Tuesday, September 2, 2014

Frozen Banana Nutella Sandwiches - Delicious frozen treats

I read this recipe somewhere recently and thought it was a great idea so I tried it. Turns out, whoever came up with this is brilliant! It's delicious, really fast and easy, and a great way to use up your ripe bananas.

Let me know what you think!

From my kitchen to yours:

Saturday, August 9, 2014

The Konjac Sponge - an eco-friendly exfoliant?

I was scrolling through the ecouterre website the other day when I came across an article about the environmental impact of plastic microbeads that make up exfoliants. Apparently the scrubbing beads are so small they float their way out of the sewer treatment centers and deposit themselves in the waterways. These tiny plastic particles are then mistaken for food by the local fauna which can lead to bioaccumulation and magnification through the food chain... troubling.

Even more troubling, was I contributing to this environmental disaster?

I slowly made my way to the bathroom, knowing full well what I would find in my favorite exfoliant... plastic microbeads. Yep, Guilty.

Thankfully the world wide web is stock full of helpful alternatives:
- Salt scrubs
- Sugar scrubs
- Walnut scrubs
- and Konjac Sponges

What is a Konjac sponge? Great question, I asked myself the same thing when I came across it in Real Simple. It comes from a plant that grows in mountainous regions of Asia, particularly Japan and Korea. Apparently, Konjac root has been part of the Japanese diet for over 1500 years and for the last couple century it has been transformed into a gentle exfoliating sponge. It is sometimes combined with red clay and charcoal for additional properties.

The process is simple. Let the sponge soak up water until it is fluffy, squeeze out the excess water, and then gently scrub the dead skin cells and left over sun block from your face. It be used solely with water or with your favorite face wash. This gentle exfoliant is 100% biodegradable to boot! It is recommended to change your sponge every 3 months, so I'll be testing it's biodegradability then. 

There are many brands of Konjac sponges but I gave the Dew Puff Original a try. It was $7 on amazon, you can find the exact link under the Whozits and Whatzits tab. The first one I ordered started to mold within the first week so I sent it back to amazon. I got a new one within two days and the shipping was free. It is important to let the sponge dry out between uses meaning, in my case, that I can only use it once a day. I installed a little hook on the wall for it to hang and dry. So far so good, I have been using it for 3 weeks and my skin feels clean and smooth. It is really easy to use and definitely speeds up my morning routine quite a bit. It is also much easier than making the facial scrubs.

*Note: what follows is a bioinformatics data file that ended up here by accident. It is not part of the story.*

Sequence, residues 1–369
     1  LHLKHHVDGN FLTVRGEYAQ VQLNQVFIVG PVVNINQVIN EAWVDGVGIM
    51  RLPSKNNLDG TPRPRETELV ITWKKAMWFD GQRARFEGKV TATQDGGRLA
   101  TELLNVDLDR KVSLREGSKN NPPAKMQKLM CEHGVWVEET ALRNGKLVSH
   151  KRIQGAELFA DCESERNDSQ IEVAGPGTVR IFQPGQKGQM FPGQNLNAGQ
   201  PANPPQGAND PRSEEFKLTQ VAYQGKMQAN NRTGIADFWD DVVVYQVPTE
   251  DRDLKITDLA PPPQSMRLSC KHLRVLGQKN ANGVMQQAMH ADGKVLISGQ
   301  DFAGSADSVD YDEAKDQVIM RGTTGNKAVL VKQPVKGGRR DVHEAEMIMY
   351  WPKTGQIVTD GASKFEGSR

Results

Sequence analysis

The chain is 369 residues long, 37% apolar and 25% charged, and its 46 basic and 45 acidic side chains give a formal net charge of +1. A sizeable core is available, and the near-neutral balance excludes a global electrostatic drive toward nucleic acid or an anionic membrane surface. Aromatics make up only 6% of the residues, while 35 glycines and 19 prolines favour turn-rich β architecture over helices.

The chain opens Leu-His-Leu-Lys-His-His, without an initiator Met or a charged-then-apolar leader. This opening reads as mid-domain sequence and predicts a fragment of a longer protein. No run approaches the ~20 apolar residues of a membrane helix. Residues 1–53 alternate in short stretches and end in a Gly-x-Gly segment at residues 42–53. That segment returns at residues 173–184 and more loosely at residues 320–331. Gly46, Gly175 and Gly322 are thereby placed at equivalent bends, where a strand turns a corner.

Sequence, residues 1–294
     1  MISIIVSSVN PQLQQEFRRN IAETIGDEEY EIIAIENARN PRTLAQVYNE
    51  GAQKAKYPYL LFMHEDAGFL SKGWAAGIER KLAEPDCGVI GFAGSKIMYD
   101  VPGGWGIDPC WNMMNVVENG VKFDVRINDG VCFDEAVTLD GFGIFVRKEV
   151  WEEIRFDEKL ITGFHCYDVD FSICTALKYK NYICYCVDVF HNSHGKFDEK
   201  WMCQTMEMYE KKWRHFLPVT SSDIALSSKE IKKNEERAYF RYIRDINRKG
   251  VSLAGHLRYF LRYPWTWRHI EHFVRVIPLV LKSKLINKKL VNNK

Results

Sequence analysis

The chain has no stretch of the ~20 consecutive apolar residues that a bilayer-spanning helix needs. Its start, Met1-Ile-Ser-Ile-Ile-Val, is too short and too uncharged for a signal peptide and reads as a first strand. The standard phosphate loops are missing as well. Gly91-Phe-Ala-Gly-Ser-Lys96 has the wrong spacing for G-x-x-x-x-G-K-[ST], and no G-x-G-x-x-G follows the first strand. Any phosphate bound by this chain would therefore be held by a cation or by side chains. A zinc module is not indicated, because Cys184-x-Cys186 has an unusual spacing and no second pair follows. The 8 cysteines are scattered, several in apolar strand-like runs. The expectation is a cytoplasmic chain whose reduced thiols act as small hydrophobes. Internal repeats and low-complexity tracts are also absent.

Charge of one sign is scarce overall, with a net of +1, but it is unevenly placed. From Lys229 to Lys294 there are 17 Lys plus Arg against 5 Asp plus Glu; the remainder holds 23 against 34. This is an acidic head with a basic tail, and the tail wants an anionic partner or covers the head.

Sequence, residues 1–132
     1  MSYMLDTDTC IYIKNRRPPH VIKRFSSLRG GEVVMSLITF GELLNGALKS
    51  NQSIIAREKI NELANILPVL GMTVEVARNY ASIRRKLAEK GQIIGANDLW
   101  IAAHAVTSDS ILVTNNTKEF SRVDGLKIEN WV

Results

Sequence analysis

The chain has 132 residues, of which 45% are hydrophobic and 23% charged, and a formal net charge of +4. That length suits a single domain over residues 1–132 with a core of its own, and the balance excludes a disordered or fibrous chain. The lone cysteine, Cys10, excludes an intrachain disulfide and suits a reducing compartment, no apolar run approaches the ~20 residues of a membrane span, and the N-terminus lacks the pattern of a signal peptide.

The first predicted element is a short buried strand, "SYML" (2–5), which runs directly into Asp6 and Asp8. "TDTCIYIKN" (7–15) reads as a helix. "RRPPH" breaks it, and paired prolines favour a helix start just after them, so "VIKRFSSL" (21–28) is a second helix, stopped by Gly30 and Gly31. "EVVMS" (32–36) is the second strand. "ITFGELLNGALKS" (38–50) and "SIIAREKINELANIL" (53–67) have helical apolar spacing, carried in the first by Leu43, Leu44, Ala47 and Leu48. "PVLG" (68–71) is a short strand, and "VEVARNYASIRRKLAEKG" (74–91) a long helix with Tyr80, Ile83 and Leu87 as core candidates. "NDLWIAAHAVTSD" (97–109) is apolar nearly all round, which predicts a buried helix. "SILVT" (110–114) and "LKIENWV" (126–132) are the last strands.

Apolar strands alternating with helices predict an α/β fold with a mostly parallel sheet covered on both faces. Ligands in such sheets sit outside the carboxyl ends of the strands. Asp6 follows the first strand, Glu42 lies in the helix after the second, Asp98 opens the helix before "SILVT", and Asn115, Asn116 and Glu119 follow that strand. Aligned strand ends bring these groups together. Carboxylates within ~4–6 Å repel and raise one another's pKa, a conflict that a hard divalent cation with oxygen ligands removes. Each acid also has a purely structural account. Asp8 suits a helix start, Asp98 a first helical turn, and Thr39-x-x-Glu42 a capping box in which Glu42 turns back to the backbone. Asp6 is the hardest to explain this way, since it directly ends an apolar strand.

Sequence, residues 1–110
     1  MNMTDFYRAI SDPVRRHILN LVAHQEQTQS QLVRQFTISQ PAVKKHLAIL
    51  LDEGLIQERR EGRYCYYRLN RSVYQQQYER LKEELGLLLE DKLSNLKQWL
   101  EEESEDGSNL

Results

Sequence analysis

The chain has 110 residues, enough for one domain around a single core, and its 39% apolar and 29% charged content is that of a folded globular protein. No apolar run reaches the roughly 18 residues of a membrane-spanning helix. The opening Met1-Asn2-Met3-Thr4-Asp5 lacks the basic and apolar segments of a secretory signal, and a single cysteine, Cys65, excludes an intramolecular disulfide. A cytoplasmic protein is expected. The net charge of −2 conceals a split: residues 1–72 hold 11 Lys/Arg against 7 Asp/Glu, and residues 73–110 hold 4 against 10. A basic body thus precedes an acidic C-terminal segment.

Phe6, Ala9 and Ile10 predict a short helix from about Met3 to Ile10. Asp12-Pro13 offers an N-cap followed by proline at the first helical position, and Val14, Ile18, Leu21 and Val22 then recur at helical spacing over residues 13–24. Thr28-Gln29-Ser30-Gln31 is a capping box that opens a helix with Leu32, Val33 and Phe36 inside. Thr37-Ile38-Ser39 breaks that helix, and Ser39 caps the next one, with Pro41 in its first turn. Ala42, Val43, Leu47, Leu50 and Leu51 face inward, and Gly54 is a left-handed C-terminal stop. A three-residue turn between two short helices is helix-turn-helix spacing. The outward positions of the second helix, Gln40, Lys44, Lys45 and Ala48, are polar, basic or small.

Take care!




Sunday, August 3, 2014

{reduce,reuse,recycle} paper shredder

This idea came to me only today as I filled my second bag of shredded materials that this could easily be used to cover the bottom of a rabbit cage, a free alternative to expensive bedding. I generally choose the recycled paper option anyway. Add a little baking soda to help absorb the odor and you are set!
As for the environmental impact of such a change in habit, I would qualify it as a "lesser of two evils" option. 

What do you do with your shreddings?
Take care!

Friday, April 11, 2014

March showers bring April flowers...

Was that how the saying went? It's definitely what is happening in NYC right now. I spotted 4 different types of flowers on my way home from the bus stop today (about a 5minute walk): Magnolias, forsythias, tulips, and daffodils.
I wasn't even trying. Take a look!

Spring has arrived!!! Yay!!!!

Saturday, April 5, 2014

Bill Nye, the Science guy

Science Rules

On April 3rd 2014, I saw Bill Nye give a talk to hundreds if science teachers at the NSTA conference in Boston.
He was funny, interesting, and inspiring. 
He reminded me to take advantage of all of life's random teachable moments and that science was not only knowledge but also a process. This is good advice for all of us teachers out there. 

Let's change the world, one kid at a time.

Monday, March 31, 2014

The Green Font Choice - Garamond

Concerned about ink usages but still required to print documents out? 14 year old scientist, Suvir Mirchandani, reveals a simple way to save ink - change ink font.

Mirchandani, who published two studies on topic, recommends the use of Garamond to reduce your ink usage.  The table below, taken from his 2013 paper, compares the ink usage of 4 different fonts for 5 different letters.
[Image from Mirchandani and Pinko, 2013]

Mirchandani's studies wish only to be useful, he calculated the savings a school and the government could make by simply changing fonts and the results are astounding. He estimates the government could save $394 Million a year by making the switch, that's a significant amount that could be reinvested in other sectors such as education.